Sometimes it’s good to catch up. By that I mean it happens that a series arrives while I’m away and by the time I might get to it, there’s a long list of new things demanding attention and review.
The Old Man (streams Disney+) is one I’m glad I made an effort to see when it landed here on a streaming service after initially being on FX. It’s a pure pleasure to savour it, and savour what everyone involved does with what looks like a conventional story.
The story involves an older white male who is required to take dangerous actions that seem unlikely for a man of his age. But this isn’t like one of those movie thrillers in which Liam Neeson is obliged to play the dad as action man. This is a seven-episode drama about the patient pursuit of reconciliation with the past.
Jeff Bridges plays Dan Chase, a man living alone off the radar, with his two dogs. He has dreams about his late wife and his nights are interrupted by multiple trips to the bathroom. He looks grizzled, tired, lonely but intact. Then someone breaks into the house aiming to kill him. He handles the attacker with a blunt but efficient defence. Then he hits the road.
Dan, if indeed that is his real name, is a wanted man. Decades before, he was a CIA operative in several places, but principally Afghanistan where he covertly helped the locals fight the Soviet soldiers after the country was invaded. He killed, supplied weapons, kept secrets and, it seems, became involved with the wife of a powerful man in Afghanistan. His past is very messy and now someone wants him eliminated.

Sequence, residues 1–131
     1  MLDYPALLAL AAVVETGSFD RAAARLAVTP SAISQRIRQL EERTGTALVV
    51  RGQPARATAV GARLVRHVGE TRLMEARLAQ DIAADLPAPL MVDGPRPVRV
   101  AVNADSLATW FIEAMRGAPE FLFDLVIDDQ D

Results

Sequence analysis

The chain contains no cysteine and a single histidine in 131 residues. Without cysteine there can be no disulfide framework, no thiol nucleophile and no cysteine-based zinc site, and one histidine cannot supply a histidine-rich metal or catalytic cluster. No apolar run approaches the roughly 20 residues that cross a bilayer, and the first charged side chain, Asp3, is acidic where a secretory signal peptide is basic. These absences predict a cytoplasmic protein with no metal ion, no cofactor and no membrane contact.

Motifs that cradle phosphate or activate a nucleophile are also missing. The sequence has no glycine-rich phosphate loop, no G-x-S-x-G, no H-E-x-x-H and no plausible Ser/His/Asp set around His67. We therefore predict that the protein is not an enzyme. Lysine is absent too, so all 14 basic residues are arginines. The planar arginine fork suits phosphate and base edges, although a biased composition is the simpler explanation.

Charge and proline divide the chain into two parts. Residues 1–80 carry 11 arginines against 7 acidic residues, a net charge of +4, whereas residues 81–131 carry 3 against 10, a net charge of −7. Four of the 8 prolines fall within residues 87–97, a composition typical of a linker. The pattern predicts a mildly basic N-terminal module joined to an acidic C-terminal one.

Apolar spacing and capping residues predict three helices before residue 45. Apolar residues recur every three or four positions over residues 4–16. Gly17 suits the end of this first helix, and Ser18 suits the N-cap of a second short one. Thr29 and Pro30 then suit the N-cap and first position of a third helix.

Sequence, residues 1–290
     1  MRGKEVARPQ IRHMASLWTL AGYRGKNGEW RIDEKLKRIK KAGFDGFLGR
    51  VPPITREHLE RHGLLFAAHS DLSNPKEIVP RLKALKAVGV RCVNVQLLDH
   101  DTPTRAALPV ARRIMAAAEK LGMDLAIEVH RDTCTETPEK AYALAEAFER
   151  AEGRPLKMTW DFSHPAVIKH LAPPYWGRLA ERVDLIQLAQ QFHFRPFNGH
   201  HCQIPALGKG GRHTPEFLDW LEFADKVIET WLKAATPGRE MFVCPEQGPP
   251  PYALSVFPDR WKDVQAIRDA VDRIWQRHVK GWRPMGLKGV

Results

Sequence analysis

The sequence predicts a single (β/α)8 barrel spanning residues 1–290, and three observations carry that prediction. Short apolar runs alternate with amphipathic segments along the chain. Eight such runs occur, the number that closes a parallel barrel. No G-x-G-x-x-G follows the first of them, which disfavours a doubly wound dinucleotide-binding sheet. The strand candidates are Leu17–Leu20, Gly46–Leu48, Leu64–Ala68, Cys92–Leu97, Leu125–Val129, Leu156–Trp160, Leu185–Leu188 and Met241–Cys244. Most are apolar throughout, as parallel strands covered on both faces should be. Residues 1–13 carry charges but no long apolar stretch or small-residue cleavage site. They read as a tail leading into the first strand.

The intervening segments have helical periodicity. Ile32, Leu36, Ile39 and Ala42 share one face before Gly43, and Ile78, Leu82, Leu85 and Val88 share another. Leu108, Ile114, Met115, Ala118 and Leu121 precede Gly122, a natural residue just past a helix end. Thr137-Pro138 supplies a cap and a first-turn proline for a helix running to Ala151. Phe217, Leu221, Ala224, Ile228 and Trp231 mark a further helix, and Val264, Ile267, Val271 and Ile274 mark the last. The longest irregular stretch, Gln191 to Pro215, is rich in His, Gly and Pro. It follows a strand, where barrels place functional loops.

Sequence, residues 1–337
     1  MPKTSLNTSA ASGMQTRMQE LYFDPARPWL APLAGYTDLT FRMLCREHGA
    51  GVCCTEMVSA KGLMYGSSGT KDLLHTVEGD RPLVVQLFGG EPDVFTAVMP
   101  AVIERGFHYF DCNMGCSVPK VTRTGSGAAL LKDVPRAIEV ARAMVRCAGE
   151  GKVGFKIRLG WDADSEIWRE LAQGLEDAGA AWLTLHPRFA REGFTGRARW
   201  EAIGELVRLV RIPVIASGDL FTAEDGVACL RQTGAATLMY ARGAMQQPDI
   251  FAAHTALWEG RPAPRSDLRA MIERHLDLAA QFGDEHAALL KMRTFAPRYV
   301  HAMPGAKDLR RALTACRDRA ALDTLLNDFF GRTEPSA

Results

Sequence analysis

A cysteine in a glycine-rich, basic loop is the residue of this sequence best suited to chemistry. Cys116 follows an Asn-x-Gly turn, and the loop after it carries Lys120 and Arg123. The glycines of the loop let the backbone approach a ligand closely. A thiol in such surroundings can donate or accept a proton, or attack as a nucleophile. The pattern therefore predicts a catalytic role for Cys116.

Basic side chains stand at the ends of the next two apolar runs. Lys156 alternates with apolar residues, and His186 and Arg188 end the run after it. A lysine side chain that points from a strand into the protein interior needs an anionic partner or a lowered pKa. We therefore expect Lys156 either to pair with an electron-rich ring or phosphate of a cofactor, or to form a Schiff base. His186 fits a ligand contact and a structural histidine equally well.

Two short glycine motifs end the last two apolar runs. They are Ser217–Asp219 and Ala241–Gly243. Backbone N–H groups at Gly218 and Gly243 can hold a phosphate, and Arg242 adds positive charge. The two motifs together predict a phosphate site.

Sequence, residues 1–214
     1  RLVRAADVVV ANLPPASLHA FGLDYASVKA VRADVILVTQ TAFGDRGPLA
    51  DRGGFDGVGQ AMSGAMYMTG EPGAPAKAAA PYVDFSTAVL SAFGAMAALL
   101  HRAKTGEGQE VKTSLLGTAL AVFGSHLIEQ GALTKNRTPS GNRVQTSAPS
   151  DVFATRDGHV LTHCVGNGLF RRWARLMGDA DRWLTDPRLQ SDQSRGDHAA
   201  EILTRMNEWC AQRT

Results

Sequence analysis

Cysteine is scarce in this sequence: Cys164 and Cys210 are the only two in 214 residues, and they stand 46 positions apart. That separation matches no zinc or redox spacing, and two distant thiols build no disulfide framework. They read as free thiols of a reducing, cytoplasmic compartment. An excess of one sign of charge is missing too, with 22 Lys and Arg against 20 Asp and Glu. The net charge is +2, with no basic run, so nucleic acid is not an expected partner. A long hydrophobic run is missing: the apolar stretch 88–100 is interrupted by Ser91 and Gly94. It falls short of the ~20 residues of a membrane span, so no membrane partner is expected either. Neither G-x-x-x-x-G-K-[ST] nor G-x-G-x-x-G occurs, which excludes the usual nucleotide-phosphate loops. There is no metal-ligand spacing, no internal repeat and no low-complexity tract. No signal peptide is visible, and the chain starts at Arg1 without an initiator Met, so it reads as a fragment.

On the road, Dan meets a woman and they seem to like each other. Zoe (Amy Brenneman) is a woman of an age where she’s wise to the selfishness of older men, wary of involvement and suspicious of men who seem to have big secrets. The scenes between the two characters are beautifully done. These are often long scenes, staged quietly, giving the actors space to say a great deal with hesitations and silences.
There is action at intervals, mind you. An early scene in which Dan and Amy are in her car and are stopped by police is a scene that takes your breath away. Thing is, Dan imagines a ferocious way out but we see it, even if it’s in his imagination. And there are further scenes in which you worry about the beating that Jeff Bridges, age 72, is taking, as he obviously does many stunts himself. And you would be further worried if you were aware that during filming, production was shut down when Bridges was diagnosed with both COVID-19 and lymphoma. He has recovered.
Chasing Dan, in a twisted way, is an equally obdurate old man, Harold Harper (John Lithgow), and part of the very coiled plot seething beneath the surface is that Harper worked with Dan in the long ago and he too doesn’t want old secrets revealed. Plus, a secret about the identity of Dan’s daughter, the only person he seems to contact, is revealed to viewers in the early going. Around Harper (Lithgow manages to make the old spy figure both sinister and sympathetic), there are other circles of deception and menace. Harper’s protégé Angela (Alia Shawkat, who played Dory on Search Party) knows too much, while her careerist colleague Raymond (E.J. Bonilla) hasn’t a clue what’s happening.
The intricate plotting (it was adapted by Jonathan E. Steinberg and Robert Levine from Thomas Perry’s more action-focused novel) would irritate were it not for the strength of the performances and the pacing. In particular, the chemistry between Brenneman and Bridges is a thing to behold. The characters are given time to chat, idly, over meals and attempt to learn about each other. Brenneman’s Zoe recognizes the familiar in Dan Chase. She’s old enough to have met men like him, even when he thinks he’s unique.
When the lists for best-of-the year are written, The Old Man should be there. It often amounts to mature characters having mature conversations about youth, passion, aging and vulnerability. That’s so rare these days. Catch up with it while you can.